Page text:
Monday, November 16, 2009

Appealing to an Audience: a Link Round-Up

I've been sick with what I'm assuming is just a minor case of polio, tuberculosis, or a fatal strain of influenza for a few days. Naturally, being solely focused on my task as a blogger, this crippling illness sparked a train of thought. As I sat in bed, nasal passages clogged, chest full of fluid but heart aflame, I wondered if any romance author had yet taken it upon herself to write a disease-related novel. Lo and behold, Patricia Cabot had.

Not only that, but I later discovered that GravityGirl had already saved me the effort of reviewing it, too. Lucky me.

The existence of the 19th-century-Scottish-countryside-riddled-with-disease romance is sort of unsurprising considering the amount of niche fiction that gets published under the guise of romantic literature.

You want questionably historically-accurate historical romance? You've got it.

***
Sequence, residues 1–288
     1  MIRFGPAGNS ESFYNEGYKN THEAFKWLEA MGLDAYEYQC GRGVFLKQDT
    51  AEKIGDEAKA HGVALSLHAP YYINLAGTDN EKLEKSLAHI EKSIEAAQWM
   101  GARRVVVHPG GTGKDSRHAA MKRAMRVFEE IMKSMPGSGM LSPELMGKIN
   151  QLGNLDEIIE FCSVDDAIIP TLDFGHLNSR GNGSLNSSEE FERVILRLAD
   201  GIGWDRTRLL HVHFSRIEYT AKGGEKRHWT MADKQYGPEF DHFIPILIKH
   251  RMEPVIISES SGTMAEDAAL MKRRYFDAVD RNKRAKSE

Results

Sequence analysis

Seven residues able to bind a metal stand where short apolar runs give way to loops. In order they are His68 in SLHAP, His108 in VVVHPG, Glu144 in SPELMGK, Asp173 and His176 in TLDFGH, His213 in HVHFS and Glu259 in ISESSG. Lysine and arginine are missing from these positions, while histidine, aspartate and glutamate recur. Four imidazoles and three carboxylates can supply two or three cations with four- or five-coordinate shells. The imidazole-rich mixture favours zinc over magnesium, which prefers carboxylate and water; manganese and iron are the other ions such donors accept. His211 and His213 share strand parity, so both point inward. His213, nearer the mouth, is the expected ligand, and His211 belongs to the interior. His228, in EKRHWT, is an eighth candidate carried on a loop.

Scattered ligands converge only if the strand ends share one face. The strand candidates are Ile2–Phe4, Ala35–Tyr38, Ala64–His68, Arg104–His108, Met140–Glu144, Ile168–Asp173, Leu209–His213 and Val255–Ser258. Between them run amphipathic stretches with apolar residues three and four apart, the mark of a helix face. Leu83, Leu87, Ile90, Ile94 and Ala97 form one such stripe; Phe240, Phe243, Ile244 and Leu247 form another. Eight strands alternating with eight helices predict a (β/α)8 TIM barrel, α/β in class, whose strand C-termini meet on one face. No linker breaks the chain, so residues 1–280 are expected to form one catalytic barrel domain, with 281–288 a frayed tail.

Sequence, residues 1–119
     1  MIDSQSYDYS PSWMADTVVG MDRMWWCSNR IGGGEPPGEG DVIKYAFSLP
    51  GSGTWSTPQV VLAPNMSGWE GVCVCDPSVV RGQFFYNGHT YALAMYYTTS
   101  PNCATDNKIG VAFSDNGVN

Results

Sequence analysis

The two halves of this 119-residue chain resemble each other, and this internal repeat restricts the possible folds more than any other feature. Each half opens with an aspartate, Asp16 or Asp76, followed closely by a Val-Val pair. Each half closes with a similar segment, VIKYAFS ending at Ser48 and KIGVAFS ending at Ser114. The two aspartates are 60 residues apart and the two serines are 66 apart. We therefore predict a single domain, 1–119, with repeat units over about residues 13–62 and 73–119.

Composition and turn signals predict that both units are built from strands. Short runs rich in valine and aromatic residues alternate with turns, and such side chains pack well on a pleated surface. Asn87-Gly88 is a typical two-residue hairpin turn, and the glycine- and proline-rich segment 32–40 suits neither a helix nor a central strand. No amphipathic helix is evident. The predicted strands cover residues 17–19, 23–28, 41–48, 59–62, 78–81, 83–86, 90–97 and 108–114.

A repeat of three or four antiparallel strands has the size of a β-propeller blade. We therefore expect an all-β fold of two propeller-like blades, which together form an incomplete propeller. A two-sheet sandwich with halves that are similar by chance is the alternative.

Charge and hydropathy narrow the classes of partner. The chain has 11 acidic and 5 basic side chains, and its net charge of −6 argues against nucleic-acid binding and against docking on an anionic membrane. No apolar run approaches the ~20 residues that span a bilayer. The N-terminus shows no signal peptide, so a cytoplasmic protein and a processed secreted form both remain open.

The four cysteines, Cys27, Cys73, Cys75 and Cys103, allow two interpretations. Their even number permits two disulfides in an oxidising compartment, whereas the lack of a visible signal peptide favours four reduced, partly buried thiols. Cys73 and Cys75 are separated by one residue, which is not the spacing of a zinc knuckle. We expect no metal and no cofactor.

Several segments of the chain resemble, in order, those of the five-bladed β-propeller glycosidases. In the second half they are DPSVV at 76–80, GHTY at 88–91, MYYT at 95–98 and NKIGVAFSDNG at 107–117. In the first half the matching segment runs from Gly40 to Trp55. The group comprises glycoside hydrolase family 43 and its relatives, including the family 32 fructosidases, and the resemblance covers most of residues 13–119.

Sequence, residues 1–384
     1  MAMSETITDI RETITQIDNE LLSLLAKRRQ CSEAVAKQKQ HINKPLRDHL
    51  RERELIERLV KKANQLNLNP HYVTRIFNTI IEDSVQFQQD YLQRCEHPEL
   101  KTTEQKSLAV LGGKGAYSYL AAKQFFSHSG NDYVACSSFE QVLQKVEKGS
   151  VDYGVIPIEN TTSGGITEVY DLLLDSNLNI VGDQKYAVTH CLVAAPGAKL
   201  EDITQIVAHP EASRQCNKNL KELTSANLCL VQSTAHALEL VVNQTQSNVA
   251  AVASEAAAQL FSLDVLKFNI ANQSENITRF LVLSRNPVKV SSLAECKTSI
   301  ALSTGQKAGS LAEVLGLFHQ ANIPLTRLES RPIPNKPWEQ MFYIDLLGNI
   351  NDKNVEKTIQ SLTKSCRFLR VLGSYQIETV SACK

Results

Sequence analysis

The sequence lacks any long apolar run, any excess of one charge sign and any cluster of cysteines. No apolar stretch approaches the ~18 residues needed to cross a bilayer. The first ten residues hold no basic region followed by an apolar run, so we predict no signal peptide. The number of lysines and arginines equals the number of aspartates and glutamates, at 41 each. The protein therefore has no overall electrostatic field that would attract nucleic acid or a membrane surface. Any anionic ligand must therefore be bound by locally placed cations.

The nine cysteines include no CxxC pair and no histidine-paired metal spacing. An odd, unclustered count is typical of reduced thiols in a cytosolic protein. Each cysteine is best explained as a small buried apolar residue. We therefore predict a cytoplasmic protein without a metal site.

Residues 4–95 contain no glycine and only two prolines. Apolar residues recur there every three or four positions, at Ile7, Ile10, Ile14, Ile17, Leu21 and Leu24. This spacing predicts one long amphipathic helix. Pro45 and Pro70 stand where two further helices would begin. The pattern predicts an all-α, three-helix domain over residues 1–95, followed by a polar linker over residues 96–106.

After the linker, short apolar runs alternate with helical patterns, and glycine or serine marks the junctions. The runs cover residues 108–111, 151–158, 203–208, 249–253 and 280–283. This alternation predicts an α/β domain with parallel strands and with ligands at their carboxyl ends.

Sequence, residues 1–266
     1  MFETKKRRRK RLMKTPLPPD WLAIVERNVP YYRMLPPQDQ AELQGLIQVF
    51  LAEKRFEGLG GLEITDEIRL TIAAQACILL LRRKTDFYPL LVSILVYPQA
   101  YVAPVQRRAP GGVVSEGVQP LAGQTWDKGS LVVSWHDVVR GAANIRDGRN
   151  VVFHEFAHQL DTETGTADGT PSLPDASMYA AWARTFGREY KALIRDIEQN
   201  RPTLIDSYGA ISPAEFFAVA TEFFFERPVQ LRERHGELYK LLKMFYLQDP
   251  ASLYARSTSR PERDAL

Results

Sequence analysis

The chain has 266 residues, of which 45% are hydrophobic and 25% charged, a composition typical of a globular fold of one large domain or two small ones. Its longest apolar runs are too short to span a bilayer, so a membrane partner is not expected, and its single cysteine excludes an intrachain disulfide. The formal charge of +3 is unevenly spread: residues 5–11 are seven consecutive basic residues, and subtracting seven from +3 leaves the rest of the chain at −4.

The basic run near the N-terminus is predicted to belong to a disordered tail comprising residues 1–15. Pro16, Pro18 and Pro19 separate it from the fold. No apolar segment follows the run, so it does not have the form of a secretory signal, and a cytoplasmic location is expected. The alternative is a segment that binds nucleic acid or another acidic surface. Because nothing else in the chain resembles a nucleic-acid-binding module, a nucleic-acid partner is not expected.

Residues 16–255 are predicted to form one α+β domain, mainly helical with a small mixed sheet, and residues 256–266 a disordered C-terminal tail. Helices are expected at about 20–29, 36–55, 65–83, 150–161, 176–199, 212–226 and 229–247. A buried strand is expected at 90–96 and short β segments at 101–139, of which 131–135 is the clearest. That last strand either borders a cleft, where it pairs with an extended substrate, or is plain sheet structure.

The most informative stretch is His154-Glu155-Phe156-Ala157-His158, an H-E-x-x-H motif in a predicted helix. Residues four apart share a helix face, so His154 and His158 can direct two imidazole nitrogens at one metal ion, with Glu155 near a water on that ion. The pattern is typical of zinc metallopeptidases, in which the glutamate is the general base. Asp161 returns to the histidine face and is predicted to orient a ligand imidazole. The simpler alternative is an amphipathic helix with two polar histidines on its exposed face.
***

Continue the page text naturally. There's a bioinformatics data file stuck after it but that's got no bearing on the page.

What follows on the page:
Paranormal activity more your thing? Okay, there's a site for that, too.

Unfortunately, I couldn't find any websites dedicated strictly to churning out bodice-rippers which center around medical anomalies. Why hasn't anyone written about two star-crossed lovers, separated only by debilitating IBS? I can almost guarantee that there's a market for that. I could see myself getting into leper love as well.

On a more exciting note, I stumbled across this site (to which Teresa made a reference last week) while on a wayward google search for "romance novel ebola" (fruitless -- I call dibs on this idea). Admittedly, the authors are a bit more generous in their appraisals of romantic fiction, but I can appreciate what they're doing.

The Ja(y)nes over at Dear Author,... are working on a somewhat similar project as well, albeit with an even more approving tone than the Smart Bitches. I wonder how long it will take for Nora Roberts to be officially  inducted into the literary canon.

All things considered, I'm not sure how to react to the large amount of positive attention these novels are receiving in the blogosphere. Is it good? Is it bad? Is it irrelevant? Does this bode well for the future of literature as a whole? I don't know, but it certainly makes me feel funny.

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